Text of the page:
Local companies like Brampton’s Shnier-Gesco Limited Partnership and Mississauga’s YM Biosciences Inc. have recently announced big merger and acquisition deals.
YourMississaugaBiz.com recently spoke with PricewaterhouseCoopers partner and M&A specialist Eric Castonguay for some top tips and advice for businesses that are also looking to be acquired or merge with other companies in the future.
1. Have a plan
Castonguay recommended business owners set up a plan and having it in place well before they plan on selling their companies.“That could include a succession plan if it’s an owner-managed business or one for your management team, cross training or systems,” he explained. “This will help a buyer operate a business.”A plan can also help address issues like excessive reliance on an owner for things like relationships with key customers before they become a concern for potential buyers. Steps like tax-planning can also help maximize the cash that a business owner would receive from selling their business.
2. Get an adviser or other expert to help you
Castonguay said a qualified professional can help putting a business in the best possible light, serve as a sale preparation coach for the shareholders and business owners and keep emotions in check during negotiations.“People who build businesses tend to have obvious emotional attachments given the amount of time and effort they put in,” he explained. “Having a third party involved tends to facilitate negotiations.”
3. Don’t underestimate how long the process will take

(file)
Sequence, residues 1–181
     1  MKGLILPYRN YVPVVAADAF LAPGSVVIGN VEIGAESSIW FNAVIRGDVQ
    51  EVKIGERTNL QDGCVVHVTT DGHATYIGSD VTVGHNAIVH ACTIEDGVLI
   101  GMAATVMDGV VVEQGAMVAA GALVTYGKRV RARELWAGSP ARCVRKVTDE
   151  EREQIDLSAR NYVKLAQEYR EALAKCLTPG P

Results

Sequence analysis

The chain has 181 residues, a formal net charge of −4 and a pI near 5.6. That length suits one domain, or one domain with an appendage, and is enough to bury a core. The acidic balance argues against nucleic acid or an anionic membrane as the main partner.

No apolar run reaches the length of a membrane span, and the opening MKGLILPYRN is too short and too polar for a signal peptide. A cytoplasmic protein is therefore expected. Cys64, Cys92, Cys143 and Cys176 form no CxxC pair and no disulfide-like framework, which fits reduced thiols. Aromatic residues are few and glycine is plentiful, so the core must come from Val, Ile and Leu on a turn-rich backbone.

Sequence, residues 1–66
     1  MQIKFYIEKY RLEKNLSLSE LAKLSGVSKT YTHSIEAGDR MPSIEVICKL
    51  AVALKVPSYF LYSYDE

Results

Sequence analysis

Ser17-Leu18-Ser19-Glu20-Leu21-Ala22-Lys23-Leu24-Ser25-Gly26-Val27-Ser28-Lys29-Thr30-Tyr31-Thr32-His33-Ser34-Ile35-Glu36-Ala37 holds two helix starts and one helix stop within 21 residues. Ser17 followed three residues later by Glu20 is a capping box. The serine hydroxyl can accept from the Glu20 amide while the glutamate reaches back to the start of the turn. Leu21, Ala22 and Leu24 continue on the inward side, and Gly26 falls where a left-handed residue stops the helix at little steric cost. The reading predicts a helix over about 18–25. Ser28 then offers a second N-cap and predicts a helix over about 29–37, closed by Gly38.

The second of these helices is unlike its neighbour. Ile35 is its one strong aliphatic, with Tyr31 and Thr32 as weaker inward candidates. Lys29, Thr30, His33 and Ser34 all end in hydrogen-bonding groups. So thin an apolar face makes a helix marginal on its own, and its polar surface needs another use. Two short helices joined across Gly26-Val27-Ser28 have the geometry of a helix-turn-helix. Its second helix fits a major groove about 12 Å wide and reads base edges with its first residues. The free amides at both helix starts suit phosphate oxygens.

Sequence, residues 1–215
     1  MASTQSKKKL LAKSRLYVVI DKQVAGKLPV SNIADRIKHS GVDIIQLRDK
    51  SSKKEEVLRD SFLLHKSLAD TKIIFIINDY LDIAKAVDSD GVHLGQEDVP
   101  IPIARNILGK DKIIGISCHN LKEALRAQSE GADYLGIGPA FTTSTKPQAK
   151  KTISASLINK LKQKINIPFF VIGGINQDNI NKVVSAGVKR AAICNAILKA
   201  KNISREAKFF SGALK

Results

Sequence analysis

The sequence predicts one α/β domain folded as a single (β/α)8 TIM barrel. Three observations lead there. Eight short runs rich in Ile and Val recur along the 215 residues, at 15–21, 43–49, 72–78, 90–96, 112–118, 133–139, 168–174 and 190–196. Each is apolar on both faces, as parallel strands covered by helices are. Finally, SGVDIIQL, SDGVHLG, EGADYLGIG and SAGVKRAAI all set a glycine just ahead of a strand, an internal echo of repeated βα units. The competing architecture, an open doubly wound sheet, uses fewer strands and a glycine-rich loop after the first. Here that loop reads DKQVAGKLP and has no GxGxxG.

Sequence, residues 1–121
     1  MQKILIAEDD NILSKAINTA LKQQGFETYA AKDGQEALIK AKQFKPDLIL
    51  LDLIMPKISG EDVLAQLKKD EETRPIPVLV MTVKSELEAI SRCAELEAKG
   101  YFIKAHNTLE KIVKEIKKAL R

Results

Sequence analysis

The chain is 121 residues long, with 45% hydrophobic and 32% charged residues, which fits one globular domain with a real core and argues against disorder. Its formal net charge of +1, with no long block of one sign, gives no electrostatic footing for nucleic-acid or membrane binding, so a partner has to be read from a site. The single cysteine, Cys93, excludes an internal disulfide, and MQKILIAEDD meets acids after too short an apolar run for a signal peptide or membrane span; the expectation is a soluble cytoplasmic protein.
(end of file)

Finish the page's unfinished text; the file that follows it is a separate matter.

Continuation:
Selling a business often takes six to eight months and sometimes up to a year, depending on the circumstances. Castonguay said it’s easy to underestimate how much due diligence and time is required with the interested parties or buyer(s).“It’s important they have a good enough understanding of your business that they can bid with confidence, give you their best value and not discount the valuation though uncertainty or a lack of comfort,” he explained. Castonguay said it’s also good for companies to have a few years of audited statements prior to selling your business. “They’re not a necessity, but it’s certainly helpful in giving buyers confidence in your financial results,” he said.
4. Being clear about objectives will help determine the type of buyer
If a company is looking to sell a business in its entirety, a strategic buyer would be a better fit because they have a management team in place. A private equity buyer would be appropriate for business owners who are concerned about competition, looking for growth and would still like retain a partial stake.
5. Don’t leave the tank on empty when you sell
Castonguay said business owners need to continue to invest in the business and operate it with a long-term perspective towards its future even while considering a sale. “While historical results and profitability do play a part in valuation,” he said, “It’s really the future potential of the business the buyer is acquiring.”